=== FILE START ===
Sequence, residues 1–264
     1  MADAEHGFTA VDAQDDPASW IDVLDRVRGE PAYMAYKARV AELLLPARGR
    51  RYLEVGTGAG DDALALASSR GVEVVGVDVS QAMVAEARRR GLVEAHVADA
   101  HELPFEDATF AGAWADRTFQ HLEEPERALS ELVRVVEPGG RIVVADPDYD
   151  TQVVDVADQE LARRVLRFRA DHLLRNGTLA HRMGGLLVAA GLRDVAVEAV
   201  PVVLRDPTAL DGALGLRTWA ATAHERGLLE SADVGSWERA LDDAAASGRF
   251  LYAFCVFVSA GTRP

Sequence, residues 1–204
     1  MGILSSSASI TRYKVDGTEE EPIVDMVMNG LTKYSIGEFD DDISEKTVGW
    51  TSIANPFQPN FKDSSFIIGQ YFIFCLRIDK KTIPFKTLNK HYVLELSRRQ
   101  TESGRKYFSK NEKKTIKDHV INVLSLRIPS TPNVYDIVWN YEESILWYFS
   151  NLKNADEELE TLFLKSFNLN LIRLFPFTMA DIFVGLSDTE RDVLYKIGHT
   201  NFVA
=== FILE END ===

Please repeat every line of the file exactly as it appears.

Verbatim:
Sequence, residues 1–264
     1  MADAEHGFTA VDAQDDPASW IDVLDRVRGE PAYMAYKARV AELLLPARGR
    51  RYLEVGTGAG DDALALASSR GVEVVGVDVS QAMVAEARRR GLVEAHVADA
   101  HELPFEDATF AGAWADRTFQ HLEEPERALS ELVRVVEPGG RIVVADPDYD
   151  TQVVDVADQE LARRVLRFRA DHLLRNGTLA HRMGGLLVAA GLRDVAVEAV
   201  PVVLRDPTAL DGALGLRTWA ATAHERGLLE SADVGSWERA LDDAAASGRF
   251  LYAFCVFVSA GTRP

Sequence, residues 1–204
     1  MGILSSSASI TRYKVDGTEE EPIVDMVMNG LTKYSIGEFD DDISEKTVGW
    51  TSIANPFQPN FKDSSFIIGQ YFIFCLRIDK KTIPFKTLNK HYVLELSRRQ
   101  TESGRKYFSK NEKKTIKDHV INVLSLRIPS TPNVYDIVWN YEESILWYFS
   151  NLKNADEELE TLFLKSFNLN LIRLFPFTMA DIFVGLSDTE RDVLYKIGHT
   201  NFVA